In 1963, she crossed swords with then-justice minister Pierre Trudeau as part of a CMA special committee. Stephenson was trying to have abortion removed from the Criminal Code and says that Trudeau confirmed in their meeting that he would do so. But, at some point, he changed his mind, and when new legislation was introduced, abortion remained illegal.
“I was angry that our position had not been accepted and furious that Trudeau’s verbal commitment to us had not been honoured,” Stephenson recalls in her memoir.
Years later, Stephenson and Trudeau met at an event, and she confronted him about his broken promise. “He was taken aback at my forthrightness,” she says, adding that Trudeau warned her not to raise the broken promise in public and told her he’d deny having made it.
According to Stephenson, Trudeau then said somewhat aggressively, “And who do you think would be believed?” Eventually, Trudeau introduced a new bill offering an exemption for abortion when the life of the mother was at risk. But it wasn’t until the Supreme Court ruled Canada’s abortion law unconstitutional, in 1988, that Stephenson eventually had her way. However, the issue would always dog her. When she became the first female president of the CMA in 1974, she was welcomed to the job with 500 letters from irate social conservatives who considered her position on abortion blasphemous. For years, she held on to those letters and re-read many of them — they kept her humble, she says.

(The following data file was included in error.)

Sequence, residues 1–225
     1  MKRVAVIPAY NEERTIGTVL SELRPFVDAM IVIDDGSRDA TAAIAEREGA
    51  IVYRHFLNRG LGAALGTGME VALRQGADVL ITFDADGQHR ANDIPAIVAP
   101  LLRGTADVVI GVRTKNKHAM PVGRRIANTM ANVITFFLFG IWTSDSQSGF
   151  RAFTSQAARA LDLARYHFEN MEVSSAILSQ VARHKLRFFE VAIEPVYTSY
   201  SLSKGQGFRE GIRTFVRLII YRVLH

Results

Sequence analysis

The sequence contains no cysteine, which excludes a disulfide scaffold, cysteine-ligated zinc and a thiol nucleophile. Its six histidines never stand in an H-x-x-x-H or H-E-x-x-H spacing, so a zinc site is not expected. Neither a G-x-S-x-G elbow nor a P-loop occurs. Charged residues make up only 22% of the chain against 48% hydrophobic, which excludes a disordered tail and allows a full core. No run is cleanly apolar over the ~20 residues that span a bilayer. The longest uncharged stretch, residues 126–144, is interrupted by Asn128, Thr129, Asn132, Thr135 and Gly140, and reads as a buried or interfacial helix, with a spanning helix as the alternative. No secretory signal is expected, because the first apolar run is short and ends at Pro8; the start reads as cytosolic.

Stephenson had never considered running for public office. But, one day in 1975, York Mills MPP Dalton Bales called her saying that his doctor was insisting he retire from politics due to poor health. “We’re in the market for a credible candidate, and the first person that came to mind was you,” he told her.
Stephenson turned him down — three times. But unbeknownst to her, her eldest son, Stephen, was plotting with Bales behind her back to muster the family’s support. The family decided that Stephenson should seek the nomination and run in the September 1975 provincial election.
“Somehow my protestations had become irrelevant,” she notes in her memoir.
Although the Tories were reduced to a minority government, Stephenson won her seat handily, by almost 4,000 votes. She assumed that she would continue to practise medicine and learn the ropes of being a politician on the backbenches.
She assumed wrong.
Five days after election day, Premier Bill Davis called her in for a private meeting. She’d met the premier only once before, at an event during which he’d seemed to be in pain.
“Back trouble?” she’d asked him.
“Yes,” Davis responded. “I’ve got these exercises I’m supposed to do, but I never do them.”
“Well, it’s time you started,” Stephenson said pointedly.
That’s Stephenson: her proclivity for straight talk didn’t leave her, even when she was addressing the premier.
At the post-election meeting, Davis asked her, “How’d you like to be minister of labour?”
“I couldn’t be minister of anything,” she insisted. “And the only thing I know about labour is delivering babies.”